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Does your air freshener need an app?

Does your air freshener need an app?


The scent of loneliness

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My office stinks. Not in a "this is a bad place to work" sense, but in a "smells like fake guava and coconut" sense. It’s not usually like this, but over the past week I’ve been testing a tiny gadget called Cyrano that lets out various scents in an attempt to make you feel a little better. So far, it’s just giving me a slight headache.

Cyrano is a squat silver cylinder that’s about half the height of a can of Coke and roughly an inch wider around. It’s made of brushed aluminum and has a removable vented lid to cover dispensers that squirt 12 different scents into the air. Cyrano knows what scents to squirt out by connecting to your iOS device via Bluetooth and following instructions from an app called oNotes. Starting today, it’s can be bought online for $149 from Vapor Communications.

The oNotes app for Cyrano lets people choose one of three goals: Get Energized, Get Relaxed, or Get Away. If you select Get Away, the app starts to "play" a scent melody, which is a string of scents lined up together including guava, coconut, venetian bellini, and suntan. Each smell is dispensed from Cyrano for 35 seconds with a 22-second "take a breather" break in between that is supposed to give your nose a rest. You can add or take away scents, according to what you want to smell.

If you’re asking yourself why you’d want an app-operated air freshener, you’re not alone. Cyrano is the brainchild of olfactory enthusiast Harvard professor David Edwards, who has a reputation for taking pie-in-the-sky ideas and bringing them into the real world. His inhaled insulin gives diabetics insulin without shots, and his inhaled tuberculosis vaccine is a way for people in developing countries to get a TB shot without the risk of needle infection. Edwards’ inhaled nutrition gets used daily by leading chefs around the world, and the oPhone has been used to share scent messages. So someone in La Jolla, California can share the smell of a grilled burger with someone in Verona, Italy as long as they each own the right devices.

Compared to other David Edwards ideas, the scent-spewing Cyrano is positively concrete — even a bit ho-hum. Why is he bothering with this sort of Bluetooth-enabled Febreze?

Vapor Communications

Edwards says that the identification of scents can be tied in with health, and can be used for monitoring people with degenerative diseases like Alzheimer's. Along with sending scent directives to your Cyrano, the oNotes app includes a game that quizzes people on scents. Cyrano sends a scent into the air, you smell it, and answer a multiple-choice question about what it is.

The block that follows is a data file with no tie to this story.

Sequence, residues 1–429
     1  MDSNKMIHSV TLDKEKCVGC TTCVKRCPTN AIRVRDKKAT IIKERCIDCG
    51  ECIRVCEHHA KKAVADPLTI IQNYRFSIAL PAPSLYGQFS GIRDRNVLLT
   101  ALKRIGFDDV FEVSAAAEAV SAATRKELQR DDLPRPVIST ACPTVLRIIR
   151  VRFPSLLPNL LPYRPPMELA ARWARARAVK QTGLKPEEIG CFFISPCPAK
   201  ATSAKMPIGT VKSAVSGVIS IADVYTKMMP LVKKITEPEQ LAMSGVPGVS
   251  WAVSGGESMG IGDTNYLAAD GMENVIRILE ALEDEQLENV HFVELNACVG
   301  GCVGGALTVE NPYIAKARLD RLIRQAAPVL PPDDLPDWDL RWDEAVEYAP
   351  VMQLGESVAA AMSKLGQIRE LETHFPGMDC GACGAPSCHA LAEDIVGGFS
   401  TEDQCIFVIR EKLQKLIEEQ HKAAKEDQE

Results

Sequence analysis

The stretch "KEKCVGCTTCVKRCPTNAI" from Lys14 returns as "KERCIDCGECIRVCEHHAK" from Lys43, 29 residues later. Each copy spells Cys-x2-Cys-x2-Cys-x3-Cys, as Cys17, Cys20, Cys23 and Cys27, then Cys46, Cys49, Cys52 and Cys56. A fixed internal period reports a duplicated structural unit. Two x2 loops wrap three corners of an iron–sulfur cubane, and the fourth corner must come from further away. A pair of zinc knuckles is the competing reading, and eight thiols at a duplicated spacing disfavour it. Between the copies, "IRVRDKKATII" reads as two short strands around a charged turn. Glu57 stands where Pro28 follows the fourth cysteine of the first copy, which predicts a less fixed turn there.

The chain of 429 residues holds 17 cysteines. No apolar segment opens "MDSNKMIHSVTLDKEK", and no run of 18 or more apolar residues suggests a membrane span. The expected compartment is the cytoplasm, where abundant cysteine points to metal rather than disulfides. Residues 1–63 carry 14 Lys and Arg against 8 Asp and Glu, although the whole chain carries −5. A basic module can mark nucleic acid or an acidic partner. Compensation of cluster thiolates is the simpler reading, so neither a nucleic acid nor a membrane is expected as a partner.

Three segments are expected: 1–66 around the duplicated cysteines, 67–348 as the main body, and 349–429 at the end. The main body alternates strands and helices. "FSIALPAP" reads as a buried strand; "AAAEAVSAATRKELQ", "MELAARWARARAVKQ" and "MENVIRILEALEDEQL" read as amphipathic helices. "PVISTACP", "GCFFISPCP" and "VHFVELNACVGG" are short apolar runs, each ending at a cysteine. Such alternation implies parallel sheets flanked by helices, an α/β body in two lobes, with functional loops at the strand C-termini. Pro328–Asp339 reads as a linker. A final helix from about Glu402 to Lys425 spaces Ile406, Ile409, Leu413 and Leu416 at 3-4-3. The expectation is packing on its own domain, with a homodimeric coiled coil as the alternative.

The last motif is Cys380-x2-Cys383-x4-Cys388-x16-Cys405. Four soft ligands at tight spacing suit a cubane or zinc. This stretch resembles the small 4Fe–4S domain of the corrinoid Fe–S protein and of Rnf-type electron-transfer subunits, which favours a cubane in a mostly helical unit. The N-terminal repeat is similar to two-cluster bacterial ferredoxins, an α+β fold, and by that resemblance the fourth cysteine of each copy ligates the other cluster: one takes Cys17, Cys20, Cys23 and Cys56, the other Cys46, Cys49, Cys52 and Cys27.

"These scores can be helpful to those at risk of cognitive degenerative disease to monitor cognitive health and potentially improve it," Edwards says. He cites clinical tests that have shown strong correlations between scent sensitivity and metabolic and cognitive states. "We believe the digital scent experience with Cyrano will enable the empowerment of health and wellness apps that will guide consumers to eat better, sleep better, and seek medical attention more promptly," he says.

Vapor Communications

Even when we give Edwards the benefit of the doubt about what he’s describing, Cyrano is still just an expensive air freshener to most people. Sure, the idea of sending us certain scents to change our moods makes sense. My state of mind takes a positive turn when I smell raisin bagels in the toaster or my nine-month-old son's skin. But the smells coming out of Cyrano smell a long way off from baby skin. I'll admit that I liked a few of Cyrano's scents — especially peppermint, which may have helped me feel more relaxed. Cyrano fits in the cupholder of a car, and the space inside a car is just about what Cyrano can fill up; its scents get lost in larger spaces. Cyrano comes with one Natural Mood cartridge, but each additional cartridge costs $19.99 and only lasts about a month. The rechargeable Cyrano battery lasts for 36 hours.

The future of Cyrano is more interesting to me than its current state: instead of mainstream scents that anyone can find in a Glade candle, cartridges will include figurative scents like success and loneliness. (I can’t imagine anyone wanting to smell like loneliness, but I’m really curious to know what success smells like.) Vapor Communications will also announce partnerships with the automobile, food, fragrance, and entertainment industries.

Edwards thinks that smells could change the world, but before they do, Cyrano just needs to do a better job of changing the cloying, tropical stink in my office.